Salazar last week noted that the Land and Water Conservation Fund as envisioned by President John F. Kennedy is authorized at $900 million a year but funded only at about 10 percent of that. Obama's budget said the increased funding would be used to acquire easements on forested lands under significant development pressures along with new parks and public lands, "with a focus on ecosystems that do not yet have the protection they deserve."
That has pleased environmental groups. Alan Front, senior vice president of the Trust for Public Land, said the fund has been the mainstay for protecting critical landscapes but that even with Democrats in charge of Congress "it's been on a respirator the past couple of years."
"With this budget it really has a new lease on life," Front said. "This really is a watershed moment for watersheds and for parks and for forests."
Overall, the budget marks a significant shift in direction, he added.
"The last administration, to their credit, looked to score a few very targeted and significant conservation successes, but those came in an overall climate of cost reduction and constrained resources and constrained ambitions," Front said. "This is the first concrete demonstration that this administration is putting its money where its ideals are. And the public lands base is going to be the better for it."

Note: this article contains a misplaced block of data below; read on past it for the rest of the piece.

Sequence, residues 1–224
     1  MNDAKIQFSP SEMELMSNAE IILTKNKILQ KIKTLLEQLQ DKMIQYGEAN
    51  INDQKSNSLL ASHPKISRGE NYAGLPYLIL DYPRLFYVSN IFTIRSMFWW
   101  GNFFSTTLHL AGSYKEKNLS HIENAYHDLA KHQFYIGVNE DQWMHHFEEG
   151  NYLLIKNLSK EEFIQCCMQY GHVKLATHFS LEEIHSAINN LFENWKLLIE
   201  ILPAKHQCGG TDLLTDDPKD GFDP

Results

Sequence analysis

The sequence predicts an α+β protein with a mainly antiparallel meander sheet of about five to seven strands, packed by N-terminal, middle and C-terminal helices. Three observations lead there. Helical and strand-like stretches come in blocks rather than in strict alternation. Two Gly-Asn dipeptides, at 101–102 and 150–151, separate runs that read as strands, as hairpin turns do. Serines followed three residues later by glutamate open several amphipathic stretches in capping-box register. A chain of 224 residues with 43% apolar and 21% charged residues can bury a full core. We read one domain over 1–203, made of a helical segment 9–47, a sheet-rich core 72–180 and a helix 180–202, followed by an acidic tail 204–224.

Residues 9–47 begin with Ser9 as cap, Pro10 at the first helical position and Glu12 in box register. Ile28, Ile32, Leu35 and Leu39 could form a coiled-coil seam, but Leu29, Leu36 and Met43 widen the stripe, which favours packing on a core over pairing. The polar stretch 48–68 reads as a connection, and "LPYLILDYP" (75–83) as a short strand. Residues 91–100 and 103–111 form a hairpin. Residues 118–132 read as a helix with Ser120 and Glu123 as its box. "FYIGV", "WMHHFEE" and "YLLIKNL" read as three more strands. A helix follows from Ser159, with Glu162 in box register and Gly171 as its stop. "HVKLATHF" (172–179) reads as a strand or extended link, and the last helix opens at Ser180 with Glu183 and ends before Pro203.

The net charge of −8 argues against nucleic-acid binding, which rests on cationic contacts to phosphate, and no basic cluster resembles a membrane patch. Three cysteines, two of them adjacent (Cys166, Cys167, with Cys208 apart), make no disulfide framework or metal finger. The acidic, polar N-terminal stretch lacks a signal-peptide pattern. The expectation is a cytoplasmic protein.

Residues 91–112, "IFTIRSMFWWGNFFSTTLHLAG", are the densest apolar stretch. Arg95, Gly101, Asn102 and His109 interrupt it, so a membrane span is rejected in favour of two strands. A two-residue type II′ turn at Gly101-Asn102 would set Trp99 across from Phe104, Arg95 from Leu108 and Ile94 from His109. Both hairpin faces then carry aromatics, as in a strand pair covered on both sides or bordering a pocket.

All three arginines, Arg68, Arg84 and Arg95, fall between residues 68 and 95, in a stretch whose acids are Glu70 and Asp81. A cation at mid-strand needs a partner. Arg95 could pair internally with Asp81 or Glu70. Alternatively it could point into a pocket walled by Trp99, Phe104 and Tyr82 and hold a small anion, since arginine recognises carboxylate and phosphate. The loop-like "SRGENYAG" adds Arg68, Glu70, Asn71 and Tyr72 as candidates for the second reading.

Salazar said the Land and Water Conservation Fund budget increase could be paid for by increased royalties on oil and gas production on federal lands.
Obama's budget proposal would repeal several oil industry tax incentives while imposing new taxes on Gulf of Mexico producers to close "loopholes" that have allowed companies to avoid royalty payments. The overall budget eliminates $31.5 billion in "oil and gas company preferences" over a decade, the budget summary says.
The provisions are certain to prompt resistance from the oil industry and from Republican and Democratic lawmakers from oil-producing states. The plan drew a swift rebuke from the oil industry's most powerful trade group, which called the measures a bad idea, especially during a recession.
"New taxes could mean fewer American jobs and less revenue at a time when we desperately need both," American Petroleum Institute President Jack Gerard said in a statement.